Drea Trumble writes her own story

From overwhelmed first-year to heavily involved junior, Trumble continues pursuing her passions at SU
Drea Trumble (right) in one of her first clinicals as a nursing major and psychology minor.
Drea Trumble (right) in one of her first clinicals as a nursing major and psychology minor.
Drea Trumble

Drea Trumble heaved a gallon of milk into her backpack. She mounted her lavender bike in the Safeway parking lot and began to pedal down Reisterstown Road. The wind stung her cheeks like needles, whipping her hair across her face. An incessant stream of approaching vehicles screamed in her ear, suddenly dropping in pitch as they passed. Beneath the blanket of noise, the milk sloshed in its jug as Trumble rode toward campus, toward her new life.

In August 2022, the then 17-year-old nursing and psychology double major entered her first semester at Stevenson disoriented and alone.

“Going into college, I was pretty much just doing it. I figured out a lot of things by myself,” Trumble said.

She wasn’t alone.

A 2022 study of 54,000 undergraduates by the American College Health Association (ACHA) revealed that about 77% of college students experienced varying levels of psychological distress while in school.

I didn’t feel like I had to please anyone because there was no one. At the same time, if I ever had a rough spot… I didn’t know anybody… I was on the struggle bus.

— Trumble

Trumble — in a foreign environment with no car, little money and little family support — needed something to lean on. 

So that year, she joined the cross country team. She found solace in running, as it allowed her to clear her mind and organize her thoughts when overwhelmed with the responsibilities that came with college life.

“I used to love running, back when I could,” Trumble said. “I would go on a five-mile run, and I would think of every single problem I had at that moment and just run.”

“As I was running, I’d think, ‘what can I do about this, what can I do about that?’  and by the end of it, I’d figure it out, or I [wouldn’t].”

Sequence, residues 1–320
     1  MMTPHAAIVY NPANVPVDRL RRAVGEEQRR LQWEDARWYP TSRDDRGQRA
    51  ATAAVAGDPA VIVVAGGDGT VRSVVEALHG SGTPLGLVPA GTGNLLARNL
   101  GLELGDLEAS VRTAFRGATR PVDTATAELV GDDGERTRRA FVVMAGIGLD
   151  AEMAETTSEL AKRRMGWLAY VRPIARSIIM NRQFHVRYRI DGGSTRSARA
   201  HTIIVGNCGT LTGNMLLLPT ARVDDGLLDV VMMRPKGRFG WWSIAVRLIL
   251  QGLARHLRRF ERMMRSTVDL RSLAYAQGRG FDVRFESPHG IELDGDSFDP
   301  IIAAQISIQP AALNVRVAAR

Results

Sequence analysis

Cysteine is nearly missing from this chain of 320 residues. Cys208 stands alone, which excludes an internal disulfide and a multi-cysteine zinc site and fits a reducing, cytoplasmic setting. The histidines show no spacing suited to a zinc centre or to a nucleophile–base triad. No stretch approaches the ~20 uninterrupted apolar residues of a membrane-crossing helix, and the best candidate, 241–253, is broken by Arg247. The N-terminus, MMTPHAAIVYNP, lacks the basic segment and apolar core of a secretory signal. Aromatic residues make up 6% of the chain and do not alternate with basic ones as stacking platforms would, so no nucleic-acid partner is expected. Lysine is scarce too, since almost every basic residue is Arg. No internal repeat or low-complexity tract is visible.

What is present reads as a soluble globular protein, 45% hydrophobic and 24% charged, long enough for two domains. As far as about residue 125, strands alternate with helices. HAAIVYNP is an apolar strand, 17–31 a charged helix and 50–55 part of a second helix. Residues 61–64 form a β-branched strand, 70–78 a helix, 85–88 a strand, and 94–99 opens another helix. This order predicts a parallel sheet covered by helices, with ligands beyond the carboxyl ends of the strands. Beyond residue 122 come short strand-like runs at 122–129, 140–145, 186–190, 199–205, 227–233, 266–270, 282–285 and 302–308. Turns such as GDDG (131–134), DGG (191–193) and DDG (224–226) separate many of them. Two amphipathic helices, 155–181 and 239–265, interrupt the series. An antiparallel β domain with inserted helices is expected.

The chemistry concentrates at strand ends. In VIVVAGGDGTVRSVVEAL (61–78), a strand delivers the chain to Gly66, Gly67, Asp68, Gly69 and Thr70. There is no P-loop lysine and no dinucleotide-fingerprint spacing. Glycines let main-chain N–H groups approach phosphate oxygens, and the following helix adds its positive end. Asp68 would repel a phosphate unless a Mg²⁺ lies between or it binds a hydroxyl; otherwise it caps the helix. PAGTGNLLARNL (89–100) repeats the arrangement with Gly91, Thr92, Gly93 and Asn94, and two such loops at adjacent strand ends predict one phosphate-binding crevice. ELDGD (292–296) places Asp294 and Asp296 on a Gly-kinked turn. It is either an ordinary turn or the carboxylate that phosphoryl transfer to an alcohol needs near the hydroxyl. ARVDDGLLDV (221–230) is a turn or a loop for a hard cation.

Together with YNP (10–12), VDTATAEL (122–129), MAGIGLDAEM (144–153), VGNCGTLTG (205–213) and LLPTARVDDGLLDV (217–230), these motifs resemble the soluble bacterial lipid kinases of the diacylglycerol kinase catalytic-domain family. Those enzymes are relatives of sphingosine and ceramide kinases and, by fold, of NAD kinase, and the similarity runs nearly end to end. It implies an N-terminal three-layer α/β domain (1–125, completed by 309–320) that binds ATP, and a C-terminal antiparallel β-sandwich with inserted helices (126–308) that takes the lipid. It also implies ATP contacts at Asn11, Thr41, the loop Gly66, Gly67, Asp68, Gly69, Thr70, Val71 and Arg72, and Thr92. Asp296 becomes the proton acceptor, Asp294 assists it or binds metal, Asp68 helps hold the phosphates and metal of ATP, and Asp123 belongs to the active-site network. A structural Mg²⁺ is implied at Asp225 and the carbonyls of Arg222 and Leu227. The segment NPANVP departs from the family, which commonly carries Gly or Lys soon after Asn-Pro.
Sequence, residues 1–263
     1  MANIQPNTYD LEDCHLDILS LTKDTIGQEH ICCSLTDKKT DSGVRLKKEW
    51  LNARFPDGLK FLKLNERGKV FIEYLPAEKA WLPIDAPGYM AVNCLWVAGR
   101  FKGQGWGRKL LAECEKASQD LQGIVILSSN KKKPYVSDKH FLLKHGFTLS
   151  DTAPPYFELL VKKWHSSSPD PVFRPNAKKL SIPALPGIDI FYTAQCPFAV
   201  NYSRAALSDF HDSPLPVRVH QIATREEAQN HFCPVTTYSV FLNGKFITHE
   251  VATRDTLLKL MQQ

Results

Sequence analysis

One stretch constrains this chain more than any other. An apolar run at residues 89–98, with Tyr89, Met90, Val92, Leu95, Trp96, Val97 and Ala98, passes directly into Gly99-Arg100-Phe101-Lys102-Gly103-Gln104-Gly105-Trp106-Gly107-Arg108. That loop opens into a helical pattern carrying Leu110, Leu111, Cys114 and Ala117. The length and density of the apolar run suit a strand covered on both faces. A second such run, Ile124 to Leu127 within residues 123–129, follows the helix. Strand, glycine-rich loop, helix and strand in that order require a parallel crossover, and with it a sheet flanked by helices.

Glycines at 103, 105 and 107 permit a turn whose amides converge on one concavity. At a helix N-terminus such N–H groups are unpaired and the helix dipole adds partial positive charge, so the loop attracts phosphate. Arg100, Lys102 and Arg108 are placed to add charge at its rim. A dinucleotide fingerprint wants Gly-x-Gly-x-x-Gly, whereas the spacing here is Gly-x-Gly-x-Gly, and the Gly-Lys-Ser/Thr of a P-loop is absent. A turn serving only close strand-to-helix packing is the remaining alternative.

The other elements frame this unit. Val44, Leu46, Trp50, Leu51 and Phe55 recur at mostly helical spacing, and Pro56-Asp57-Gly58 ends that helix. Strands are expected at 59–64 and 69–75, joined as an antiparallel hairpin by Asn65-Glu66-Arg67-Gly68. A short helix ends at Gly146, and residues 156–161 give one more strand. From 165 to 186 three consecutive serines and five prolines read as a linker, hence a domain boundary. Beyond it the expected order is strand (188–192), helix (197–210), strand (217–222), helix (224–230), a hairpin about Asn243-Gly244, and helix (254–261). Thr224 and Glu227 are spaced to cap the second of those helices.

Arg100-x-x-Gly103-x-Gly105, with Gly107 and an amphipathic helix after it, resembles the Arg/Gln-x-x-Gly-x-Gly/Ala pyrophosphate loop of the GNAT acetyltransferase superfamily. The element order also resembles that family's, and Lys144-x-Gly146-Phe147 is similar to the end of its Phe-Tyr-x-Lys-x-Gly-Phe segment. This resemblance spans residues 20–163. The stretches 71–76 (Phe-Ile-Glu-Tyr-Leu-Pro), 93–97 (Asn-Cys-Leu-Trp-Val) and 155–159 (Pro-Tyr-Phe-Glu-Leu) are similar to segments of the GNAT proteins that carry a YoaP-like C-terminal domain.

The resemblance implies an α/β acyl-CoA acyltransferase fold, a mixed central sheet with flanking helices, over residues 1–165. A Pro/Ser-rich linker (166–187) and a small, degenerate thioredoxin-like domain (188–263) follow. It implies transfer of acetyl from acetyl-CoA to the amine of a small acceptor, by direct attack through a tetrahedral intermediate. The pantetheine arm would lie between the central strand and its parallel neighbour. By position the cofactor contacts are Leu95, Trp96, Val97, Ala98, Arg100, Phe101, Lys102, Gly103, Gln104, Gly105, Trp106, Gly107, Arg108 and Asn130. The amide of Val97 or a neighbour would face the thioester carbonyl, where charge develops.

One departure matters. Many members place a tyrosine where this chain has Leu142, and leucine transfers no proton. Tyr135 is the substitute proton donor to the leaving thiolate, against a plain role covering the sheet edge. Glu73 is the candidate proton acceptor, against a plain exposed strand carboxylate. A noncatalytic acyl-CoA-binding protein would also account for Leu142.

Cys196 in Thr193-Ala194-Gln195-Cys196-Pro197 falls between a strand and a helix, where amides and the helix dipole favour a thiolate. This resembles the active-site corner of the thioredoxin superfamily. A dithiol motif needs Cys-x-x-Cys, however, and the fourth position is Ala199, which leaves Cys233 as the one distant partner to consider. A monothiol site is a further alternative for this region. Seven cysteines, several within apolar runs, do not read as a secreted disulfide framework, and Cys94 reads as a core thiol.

Not long into the semester, Trumble was dealt a heavy blow of distressing medical news. She was forced to quit the team, and running all together. 

“When she told me I couldn’t run anymore, that was rough. I just haven’t run ever since then. I had just turned 18. Being told at 18 there’s certain things I just couldn’t do anymore, that was rough,” Trumble said.

Unable to run, while living away from home, without the comfort of friends or family, Trumble turned to what she was most familiar with— books. 

“I read like crazy. I read so many different types of books. A lot of biographies, a lot of nonfiction, a lot of very sad books. I more or less grew up in a library,” Trumble said.

“Books are my everything. Even from political-esque books to sci-fi (which is not really my vibe), and everything in between, there’s something to gain from books.”

Stories became Trumble’s motivation to succeed in school. “Educated,” a memoir written by Tara Westover, had even been Trumble’s inspiration to pursue a higher education.

“That book is the reason I went to college. This girl writes about how her family grew up off the grid, but she really wants to go to school, and the things she does to pursue an education and the things that she does to make it work for her,” Trumble said.

“There are times when everything just goes wrong all at the same time, but I just love reading about people’s stories and thinking, ‘they have also been through something similar, [and] this is what they did to go around it.’”

Trumble found ways to enjoy the outdoors despite an end to her cross country career (Drea Trumble)

The stories and narratives that Trumble enjoyed reading prompted her to look at her own life and ask herself what she wants to be remembered for. 

“I was the quiet one for sure. I was one to just do what I had to do to get by, not really interested in clubs at all or involvement much. Just kind of went to school, did what I had to do, and then got through it,” Trumble said.

However, entering college, she realized that in order to make a difference, she had to engage in the world around her.